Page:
The cuneiform ru sign is found in both the 14th century BC Amarna letters and the Epic of Gilgamesh. As ru it is used for syllabic ru, and alphabetic 'r', or 'u'. In the I-XII Tablets of the Epic of Gilgamesh, it has specific uses showing alternate renderings besides ru; as sign no. 068, ru, 250 times, ?ub, 6, ?up, 3, and as sumerogram ?UB, 1 time. In the Amarna letters, the sign is mostly used for ru, r, and u in the spelling of various words. Notably, for "bird", Akkadian language "iru", in Amarna letter EA 28, (Tushratta to Pharaoh), titled "Messengers Detained and a Protest"; the messengers are referenced as "uncaged" birds, and "aren't they free to come and go as birds do?".
The scribal rendering of the ru sign is dramatically different in some of the Amarna letters. In Amarna letter EA 15, Assur-uballit I of Assyria to Pharaoh, and Amarna letter 28, (using bird, "iru") it appears as the standard, electronic rendition.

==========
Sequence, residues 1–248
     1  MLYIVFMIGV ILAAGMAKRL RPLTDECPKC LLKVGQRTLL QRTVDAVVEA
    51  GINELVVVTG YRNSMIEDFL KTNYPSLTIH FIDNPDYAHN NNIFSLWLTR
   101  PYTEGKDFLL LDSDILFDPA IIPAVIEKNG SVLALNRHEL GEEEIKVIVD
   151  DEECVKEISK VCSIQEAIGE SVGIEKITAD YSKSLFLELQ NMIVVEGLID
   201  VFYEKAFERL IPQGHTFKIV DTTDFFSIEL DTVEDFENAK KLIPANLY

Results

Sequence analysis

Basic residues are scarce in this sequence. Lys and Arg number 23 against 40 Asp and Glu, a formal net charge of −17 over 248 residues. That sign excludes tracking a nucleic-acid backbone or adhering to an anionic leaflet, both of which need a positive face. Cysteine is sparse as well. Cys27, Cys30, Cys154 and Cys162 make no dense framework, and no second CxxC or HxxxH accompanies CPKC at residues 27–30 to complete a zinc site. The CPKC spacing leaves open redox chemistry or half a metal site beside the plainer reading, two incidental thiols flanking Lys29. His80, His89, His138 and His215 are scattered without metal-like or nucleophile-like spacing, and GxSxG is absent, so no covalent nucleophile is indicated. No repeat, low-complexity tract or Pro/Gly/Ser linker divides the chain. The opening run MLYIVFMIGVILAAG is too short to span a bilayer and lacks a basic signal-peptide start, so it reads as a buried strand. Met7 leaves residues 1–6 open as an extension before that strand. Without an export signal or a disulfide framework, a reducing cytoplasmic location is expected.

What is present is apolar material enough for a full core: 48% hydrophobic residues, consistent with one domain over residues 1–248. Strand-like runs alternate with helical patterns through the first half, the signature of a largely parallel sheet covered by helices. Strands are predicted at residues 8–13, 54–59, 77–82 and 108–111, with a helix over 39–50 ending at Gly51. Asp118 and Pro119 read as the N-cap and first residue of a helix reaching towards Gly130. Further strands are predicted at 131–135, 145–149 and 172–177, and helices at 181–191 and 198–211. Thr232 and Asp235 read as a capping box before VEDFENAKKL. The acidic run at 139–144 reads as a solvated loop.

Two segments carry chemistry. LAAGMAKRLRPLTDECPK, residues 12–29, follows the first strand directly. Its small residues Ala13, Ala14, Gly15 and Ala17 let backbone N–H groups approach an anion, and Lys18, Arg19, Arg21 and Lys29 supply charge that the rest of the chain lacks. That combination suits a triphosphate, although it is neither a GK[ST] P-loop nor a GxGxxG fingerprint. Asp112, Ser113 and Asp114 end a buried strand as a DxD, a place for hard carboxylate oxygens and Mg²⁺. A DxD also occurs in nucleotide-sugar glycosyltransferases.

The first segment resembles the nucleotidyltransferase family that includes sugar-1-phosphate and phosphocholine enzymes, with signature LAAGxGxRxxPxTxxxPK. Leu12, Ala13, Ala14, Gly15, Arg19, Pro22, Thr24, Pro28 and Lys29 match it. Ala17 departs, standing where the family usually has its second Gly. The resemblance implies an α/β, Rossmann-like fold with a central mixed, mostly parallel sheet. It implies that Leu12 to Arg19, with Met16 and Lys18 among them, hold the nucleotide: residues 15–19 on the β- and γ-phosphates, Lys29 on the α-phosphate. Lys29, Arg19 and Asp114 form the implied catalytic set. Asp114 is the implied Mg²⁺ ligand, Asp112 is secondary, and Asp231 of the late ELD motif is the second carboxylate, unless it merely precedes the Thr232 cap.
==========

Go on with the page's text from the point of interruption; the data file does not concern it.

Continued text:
The alternate rendition of the sign as shown in Amarna letter EA 364 is also found twice in the mid-length (to long) 69-line Amarna letter EA 362, Rib-Hadda to Pharaoh, used as "to send" (a letter/message), line 52, "a?-pu-ru", Akkadian "?ap?ru".
Another example letter of usage, is for one line, Line 27 on the obverse of Amarna letter EA 147, Biridiya to Pharaoh, titled "A Hymn to the Pharaoh", a letter in pristine condition (minus a missing corner of the clay tablet).
Of note, in the Akkadian language, using vowels a, e, i, and u, there is no "o", (or y as vowel). Any vowels used in a sign, can be interchangeably substituted for a different vowel. Also u (cuneiform) has special uses, and is only rarely used for the 'vowel u'. The ú (cuneiform)-(first prime) is the typical alphabetic 'u'.
Aziru was allowed to leave Egypt and return to his kingdom of Amurru. Aziru had, however, made secret contacts with the Hittite king Suppiluliuma I, and sometime upon his return to Amurru, he permanently switched his allegiance to the Hittites to whom he remained loyal until his death. Henceforth, Amurru remained firmly in Hittite hands until the reign of the 19th dynasty Pharaohs Seti I and Ramesses II.